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Ivory Coast “Everything is edible”

Ivory Coast “Everything is edible”

Kathie Neal relays her experience of eating some very unusual delicacies!

"We had already been served a pot pourri of wonderful local food during our time in the Ivory Coast – the most amazing baguettes (the best I’ve ever eaten, better than in Paris!) spicy stews and fresh fish etc; but the most surprising culinary delight was offered one day on a cocoa plantation. The workers knocked open a cocoa pod and scooped up the mucilaginous seed-containing pulp and popped it into their mouths – They didn’t actually eat the cocoa seeds, they were eating the stuff around them and spitting the seeds out! “It's truly delicious” said Adeline, our chief reporter, “you will really love this” she assured me. When I tasted it I was astounded – it was really creamy and sweet and had a lovely taste!

On the way back we stopped in a local café which is well known for “bush meat” and we had porcupine stew! (without the spines!). It was very bitter, and I’m not sure I would have it again.

Ivory Coast Our Africa Cocoa imageIn the evening, back at the Children’s Village (where we ran film workshops with the children), the SOS mothers gave us our usual feast of different dishes. Often there were times we had no idea what we were eating and the mothers would tell us afterwards.  But, there was one dish we just couldn’t identify. It was the size of a small coconut and nobody could work out what it was. It wasn’t fish but rather had the sort of shape and kind of the texture of tongue – the guys thought maybe it was offal but weren’t sure. We all tried it – it was awful;  quite grainy, salty – really not very nice at all. Anyway, we later learned it was Giant Snail! One of the country’s specialties! I was amazed at how big it was! Now I think about it was slug shaped!"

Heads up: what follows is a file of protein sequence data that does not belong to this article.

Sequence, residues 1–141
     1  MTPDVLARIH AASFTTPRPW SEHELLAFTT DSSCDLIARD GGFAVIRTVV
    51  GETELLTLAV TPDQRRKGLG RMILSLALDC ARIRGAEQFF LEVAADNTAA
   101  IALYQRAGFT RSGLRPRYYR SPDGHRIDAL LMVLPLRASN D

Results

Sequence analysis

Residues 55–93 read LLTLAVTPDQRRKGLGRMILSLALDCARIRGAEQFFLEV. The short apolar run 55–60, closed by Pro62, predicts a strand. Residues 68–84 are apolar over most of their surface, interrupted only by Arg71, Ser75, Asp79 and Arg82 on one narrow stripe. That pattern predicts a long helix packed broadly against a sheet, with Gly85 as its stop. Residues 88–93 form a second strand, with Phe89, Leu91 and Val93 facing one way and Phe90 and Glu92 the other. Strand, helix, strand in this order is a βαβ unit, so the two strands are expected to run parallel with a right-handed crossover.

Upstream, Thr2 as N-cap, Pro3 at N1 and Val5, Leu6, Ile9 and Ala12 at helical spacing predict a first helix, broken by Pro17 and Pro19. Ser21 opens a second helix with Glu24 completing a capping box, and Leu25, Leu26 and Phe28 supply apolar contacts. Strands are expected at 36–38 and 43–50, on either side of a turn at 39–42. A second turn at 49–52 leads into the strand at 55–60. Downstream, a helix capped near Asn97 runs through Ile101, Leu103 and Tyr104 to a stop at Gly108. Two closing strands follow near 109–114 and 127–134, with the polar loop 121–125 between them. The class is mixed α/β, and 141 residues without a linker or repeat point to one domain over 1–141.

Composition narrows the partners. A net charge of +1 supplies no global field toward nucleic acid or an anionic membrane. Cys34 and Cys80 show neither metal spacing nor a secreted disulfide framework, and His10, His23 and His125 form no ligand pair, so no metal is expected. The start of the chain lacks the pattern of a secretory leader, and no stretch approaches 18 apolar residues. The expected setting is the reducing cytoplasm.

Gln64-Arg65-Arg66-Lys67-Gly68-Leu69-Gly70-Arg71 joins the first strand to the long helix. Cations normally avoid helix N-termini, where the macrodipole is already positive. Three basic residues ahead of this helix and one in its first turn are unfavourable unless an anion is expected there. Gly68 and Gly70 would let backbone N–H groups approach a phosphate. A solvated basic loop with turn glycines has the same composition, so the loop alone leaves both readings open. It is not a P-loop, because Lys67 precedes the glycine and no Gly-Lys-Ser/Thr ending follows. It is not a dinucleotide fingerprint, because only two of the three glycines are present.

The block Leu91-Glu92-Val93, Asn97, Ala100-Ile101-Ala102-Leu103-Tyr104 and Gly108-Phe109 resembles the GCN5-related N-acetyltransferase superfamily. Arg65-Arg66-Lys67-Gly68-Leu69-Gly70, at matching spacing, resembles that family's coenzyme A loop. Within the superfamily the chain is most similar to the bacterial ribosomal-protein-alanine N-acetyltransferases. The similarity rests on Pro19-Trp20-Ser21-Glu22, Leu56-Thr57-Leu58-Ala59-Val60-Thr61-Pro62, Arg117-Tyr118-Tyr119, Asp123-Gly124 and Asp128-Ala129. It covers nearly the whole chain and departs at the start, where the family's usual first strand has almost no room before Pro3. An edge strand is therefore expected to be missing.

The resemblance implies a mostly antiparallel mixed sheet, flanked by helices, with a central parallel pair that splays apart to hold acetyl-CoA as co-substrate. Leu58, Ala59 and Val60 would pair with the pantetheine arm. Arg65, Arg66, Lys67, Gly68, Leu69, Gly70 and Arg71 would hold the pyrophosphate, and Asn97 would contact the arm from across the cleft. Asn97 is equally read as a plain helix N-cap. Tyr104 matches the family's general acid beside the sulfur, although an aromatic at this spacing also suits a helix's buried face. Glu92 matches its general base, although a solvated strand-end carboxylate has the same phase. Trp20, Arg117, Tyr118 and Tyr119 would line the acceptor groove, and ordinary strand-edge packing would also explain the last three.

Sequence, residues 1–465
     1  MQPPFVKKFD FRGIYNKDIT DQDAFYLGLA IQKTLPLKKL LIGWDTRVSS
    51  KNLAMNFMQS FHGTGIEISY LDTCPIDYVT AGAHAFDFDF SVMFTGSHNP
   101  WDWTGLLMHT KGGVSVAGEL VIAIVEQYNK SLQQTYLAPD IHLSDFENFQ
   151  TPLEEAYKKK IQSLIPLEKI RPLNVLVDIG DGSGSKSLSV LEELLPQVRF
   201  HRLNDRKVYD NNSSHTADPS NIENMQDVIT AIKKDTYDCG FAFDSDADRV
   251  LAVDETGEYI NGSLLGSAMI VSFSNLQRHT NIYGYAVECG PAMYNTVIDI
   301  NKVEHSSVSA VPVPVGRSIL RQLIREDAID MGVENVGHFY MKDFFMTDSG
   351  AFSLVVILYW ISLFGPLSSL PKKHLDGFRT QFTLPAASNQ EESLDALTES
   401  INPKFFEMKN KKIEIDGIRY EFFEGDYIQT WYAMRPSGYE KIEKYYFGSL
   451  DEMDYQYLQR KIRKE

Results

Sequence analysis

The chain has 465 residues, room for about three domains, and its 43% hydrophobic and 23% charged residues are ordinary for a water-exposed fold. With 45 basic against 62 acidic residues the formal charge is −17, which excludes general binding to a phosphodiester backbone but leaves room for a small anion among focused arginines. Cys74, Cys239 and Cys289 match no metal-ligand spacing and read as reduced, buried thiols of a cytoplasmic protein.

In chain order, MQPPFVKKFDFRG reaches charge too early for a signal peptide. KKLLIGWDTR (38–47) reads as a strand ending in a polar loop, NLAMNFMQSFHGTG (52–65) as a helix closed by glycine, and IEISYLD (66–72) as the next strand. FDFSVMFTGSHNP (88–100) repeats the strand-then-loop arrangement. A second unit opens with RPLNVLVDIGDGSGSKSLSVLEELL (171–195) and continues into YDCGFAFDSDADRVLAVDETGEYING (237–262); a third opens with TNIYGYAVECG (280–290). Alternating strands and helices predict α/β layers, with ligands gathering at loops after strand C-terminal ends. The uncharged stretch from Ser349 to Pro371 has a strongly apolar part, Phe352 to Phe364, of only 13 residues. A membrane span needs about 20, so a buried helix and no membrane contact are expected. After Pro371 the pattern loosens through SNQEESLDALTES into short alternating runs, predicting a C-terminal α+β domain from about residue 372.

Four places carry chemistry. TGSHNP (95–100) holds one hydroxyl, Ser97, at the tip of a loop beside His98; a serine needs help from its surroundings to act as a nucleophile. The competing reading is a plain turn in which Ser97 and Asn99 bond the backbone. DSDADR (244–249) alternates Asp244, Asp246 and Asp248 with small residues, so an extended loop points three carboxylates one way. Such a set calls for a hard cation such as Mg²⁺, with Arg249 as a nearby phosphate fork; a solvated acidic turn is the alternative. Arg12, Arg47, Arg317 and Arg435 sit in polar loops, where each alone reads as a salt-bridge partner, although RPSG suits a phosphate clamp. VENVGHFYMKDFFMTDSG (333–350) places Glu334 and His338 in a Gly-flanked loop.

Why was Kathie in Ivory Coast?

SOS UK team-member Kathie Neal travelled to Ivory Coast as part of preparations for the Our Africa project. Our Africa is an amazing, immersive online experience, bringing children in the UK closer to youngsters in countries all over Africa. Learn more.